In the euro area, the European Central Bank was, up until Covid-19 hit, declaring the need to be ‘patient on (getting 2%-plus year-on-year) inflation’. It is now 7.5%, sparking pressure to tighten. In the euro area, the growth risk from QT is probably most acute, with two-thirds of private borrowing long-rate driven. This is the mirror image to the UK and approached only by the US, where mortgages price off long-yields. This and disparate national interests go some way to explaining why QT is unlikely to happen before 2024 at the earliest. In the meantime, net purchases under the asset purchase programme will continue to July-September, despite those under the pandemic emergency purchase programme having stopped in March.

Japan may never get to QT. Its has relied on QE for 24 years. Without convincing inflation, this precludes it from being switched off. And while its bond purchases have decelerated, this still leaves the Bank of Japan buying bonds at about the same pace as net new supply. It holds half of the world’s largest government bond market (Figure 2), with its share edging down only as a result of the help to its 10-year yield targeting from falling global yields.

Figure 2: Japan’s QE drug – the more you use it, the more you need it

JGBs outstanding in yen (tn) on left, % shares on right

Source: Refinitiv Datastream

QT’s case is strengthened also by how low true policy rates are. By taking account of QE and central banks’ own trade-offs, OMFIF estimates the US and UK have de facto been running negative policy rates for most of the QE period. In the UK, this is being acknowledged by some former monetary policy committee members. And, with (cost-led) inflation running ahead of QT, this suggests real QE-adjusted rates could become even more negative. It also questions the need, should the debate reappear, to follow the ECB and BoJ onto negative headline rates.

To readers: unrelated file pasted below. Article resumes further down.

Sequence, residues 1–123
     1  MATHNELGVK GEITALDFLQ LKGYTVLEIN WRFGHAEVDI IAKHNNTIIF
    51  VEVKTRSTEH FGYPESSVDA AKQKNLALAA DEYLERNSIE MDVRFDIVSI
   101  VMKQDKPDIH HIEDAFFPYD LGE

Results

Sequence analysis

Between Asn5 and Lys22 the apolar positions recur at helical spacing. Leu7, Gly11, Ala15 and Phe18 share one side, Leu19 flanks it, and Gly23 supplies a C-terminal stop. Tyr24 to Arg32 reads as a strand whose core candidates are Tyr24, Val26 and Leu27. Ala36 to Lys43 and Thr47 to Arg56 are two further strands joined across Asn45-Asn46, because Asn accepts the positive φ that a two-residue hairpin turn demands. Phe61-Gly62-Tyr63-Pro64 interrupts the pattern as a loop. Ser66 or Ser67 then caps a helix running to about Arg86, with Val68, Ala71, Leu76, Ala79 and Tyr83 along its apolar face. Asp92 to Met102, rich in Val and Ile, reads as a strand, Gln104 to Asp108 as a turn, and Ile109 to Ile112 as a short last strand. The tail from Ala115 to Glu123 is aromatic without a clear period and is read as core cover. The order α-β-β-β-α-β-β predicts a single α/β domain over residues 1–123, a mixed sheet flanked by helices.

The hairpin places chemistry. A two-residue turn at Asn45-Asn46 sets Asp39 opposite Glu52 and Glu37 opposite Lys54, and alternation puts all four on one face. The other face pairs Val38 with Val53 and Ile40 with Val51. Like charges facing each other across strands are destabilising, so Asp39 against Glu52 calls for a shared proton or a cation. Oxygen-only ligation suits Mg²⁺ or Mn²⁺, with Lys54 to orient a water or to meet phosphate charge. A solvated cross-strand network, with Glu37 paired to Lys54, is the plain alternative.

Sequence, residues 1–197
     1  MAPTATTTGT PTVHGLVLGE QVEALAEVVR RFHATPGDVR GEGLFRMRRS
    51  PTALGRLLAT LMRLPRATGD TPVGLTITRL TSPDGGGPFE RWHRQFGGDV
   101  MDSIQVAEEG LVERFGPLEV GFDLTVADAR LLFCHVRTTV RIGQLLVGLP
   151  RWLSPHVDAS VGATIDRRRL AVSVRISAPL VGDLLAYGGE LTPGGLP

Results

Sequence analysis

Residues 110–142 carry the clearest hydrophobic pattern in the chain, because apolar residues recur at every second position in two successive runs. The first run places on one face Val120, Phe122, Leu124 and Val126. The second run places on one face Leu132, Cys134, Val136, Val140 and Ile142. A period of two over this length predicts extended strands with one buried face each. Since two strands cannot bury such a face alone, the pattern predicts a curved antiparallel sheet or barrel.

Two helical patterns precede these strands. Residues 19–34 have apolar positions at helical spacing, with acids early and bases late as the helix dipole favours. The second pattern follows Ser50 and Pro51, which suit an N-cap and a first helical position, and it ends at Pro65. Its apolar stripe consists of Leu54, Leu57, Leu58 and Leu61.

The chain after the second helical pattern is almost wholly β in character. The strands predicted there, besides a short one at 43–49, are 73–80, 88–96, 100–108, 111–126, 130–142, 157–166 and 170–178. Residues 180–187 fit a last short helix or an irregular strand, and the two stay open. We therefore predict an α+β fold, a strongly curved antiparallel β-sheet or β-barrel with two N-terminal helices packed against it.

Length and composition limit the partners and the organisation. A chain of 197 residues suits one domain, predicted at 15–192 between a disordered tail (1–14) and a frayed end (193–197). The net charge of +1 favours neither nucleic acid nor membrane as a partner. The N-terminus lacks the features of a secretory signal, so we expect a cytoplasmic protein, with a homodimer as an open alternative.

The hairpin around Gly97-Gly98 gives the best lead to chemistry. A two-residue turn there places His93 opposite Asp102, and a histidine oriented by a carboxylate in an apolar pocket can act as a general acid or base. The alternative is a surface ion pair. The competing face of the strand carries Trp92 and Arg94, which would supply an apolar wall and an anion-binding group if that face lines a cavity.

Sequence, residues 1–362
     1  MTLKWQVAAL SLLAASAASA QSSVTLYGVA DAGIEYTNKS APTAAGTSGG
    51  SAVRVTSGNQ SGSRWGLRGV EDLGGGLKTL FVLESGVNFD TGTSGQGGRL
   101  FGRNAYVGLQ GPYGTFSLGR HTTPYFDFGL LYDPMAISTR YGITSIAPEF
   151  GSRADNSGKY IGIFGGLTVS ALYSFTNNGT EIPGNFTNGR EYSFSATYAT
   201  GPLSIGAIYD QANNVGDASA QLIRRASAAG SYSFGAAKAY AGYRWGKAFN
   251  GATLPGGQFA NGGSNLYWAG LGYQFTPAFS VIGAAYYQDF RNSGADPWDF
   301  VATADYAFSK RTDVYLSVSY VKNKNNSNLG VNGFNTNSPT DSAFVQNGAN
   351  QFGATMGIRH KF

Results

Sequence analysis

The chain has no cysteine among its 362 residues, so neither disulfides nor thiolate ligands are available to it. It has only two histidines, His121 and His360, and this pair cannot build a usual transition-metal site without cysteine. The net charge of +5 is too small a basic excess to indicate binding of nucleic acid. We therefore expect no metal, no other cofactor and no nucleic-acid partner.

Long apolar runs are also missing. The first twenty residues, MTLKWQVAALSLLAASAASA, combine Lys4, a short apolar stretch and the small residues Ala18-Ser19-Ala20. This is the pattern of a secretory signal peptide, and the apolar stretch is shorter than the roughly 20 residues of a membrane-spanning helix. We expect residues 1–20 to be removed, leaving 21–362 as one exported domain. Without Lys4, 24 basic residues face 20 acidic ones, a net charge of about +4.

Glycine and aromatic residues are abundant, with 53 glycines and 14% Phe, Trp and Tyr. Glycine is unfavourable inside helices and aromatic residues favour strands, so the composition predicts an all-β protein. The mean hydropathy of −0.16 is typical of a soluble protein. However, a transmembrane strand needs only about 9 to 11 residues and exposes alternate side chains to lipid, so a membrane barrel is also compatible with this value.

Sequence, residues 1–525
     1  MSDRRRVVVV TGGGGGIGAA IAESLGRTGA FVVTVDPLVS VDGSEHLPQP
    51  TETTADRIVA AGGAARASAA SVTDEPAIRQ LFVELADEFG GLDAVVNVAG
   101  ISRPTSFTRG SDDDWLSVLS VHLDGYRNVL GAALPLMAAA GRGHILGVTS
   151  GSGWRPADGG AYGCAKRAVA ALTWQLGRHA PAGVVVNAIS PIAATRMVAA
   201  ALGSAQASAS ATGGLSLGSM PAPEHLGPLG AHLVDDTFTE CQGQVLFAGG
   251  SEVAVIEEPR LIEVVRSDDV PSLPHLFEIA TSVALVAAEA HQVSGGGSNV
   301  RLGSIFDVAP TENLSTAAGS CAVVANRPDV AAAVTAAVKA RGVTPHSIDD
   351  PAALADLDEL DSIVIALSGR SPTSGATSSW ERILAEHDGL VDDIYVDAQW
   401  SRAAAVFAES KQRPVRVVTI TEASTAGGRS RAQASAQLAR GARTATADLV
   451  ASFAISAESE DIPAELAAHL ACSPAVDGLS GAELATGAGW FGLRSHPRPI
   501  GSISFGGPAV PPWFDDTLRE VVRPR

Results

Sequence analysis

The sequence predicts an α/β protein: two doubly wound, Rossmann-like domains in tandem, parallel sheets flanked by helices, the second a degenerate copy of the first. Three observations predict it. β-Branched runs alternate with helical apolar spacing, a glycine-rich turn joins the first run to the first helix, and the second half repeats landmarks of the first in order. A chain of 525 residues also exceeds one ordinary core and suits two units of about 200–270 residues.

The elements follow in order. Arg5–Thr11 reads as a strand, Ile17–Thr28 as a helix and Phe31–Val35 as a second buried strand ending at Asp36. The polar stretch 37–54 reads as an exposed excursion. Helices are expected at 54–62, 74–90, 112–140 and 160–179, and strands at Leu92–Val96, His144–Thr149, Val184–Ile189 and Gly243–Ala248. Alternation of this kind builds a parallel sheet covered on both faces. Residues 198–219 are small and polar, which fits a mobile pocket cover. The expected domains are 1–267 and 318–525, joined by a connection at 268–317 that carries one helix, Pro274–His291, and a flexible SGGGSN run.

Running true rates this low would make the US FOMC and UK MPC increasingly uncomfortable if the QE stock remains bloated. Central to their thinking is that it’s the stock, more than the flow, of QE that matters. So, it looks time to pull on the QT lever.

On both counts, a rapid and large-scale downsizing of balance sheets is improbable economically and foolish politically, as the fiscal screw is being tightened, gradual rate hikes loom and elections take place in the US and UK in 2024-25. For financial markets, a triple blow of tightening – tapering, fiscal correction and eventual rate hikes – alongside cost inflation, social disparities and creeping protectionism, would increasingly question the reflation trades put on by many asset managers.

But a positive trade-off from getting the QT ball rolling would be that policy rates can peak lower than otherwise. This could become an effective tool, especially if it’s communicated in a low jargon, practical, rather than conceptual, way, to guide mortgage-holders and other decision-makers.

Selling the assets back is one for later and would need to be done gradually to minimise disruption. But, as a precursor, passive QT could be the gentlest way of tightening – in effect, by doing nothing. It would help keep peak rates low and give comfort that central banks are not falling behind the curve. It would even go some way to reducing the downside of QE – evidenced by asset-price distortions, suppressed saving and funding strains on many pension schemes.

Neil Williams is Chief Economist at OMFIF.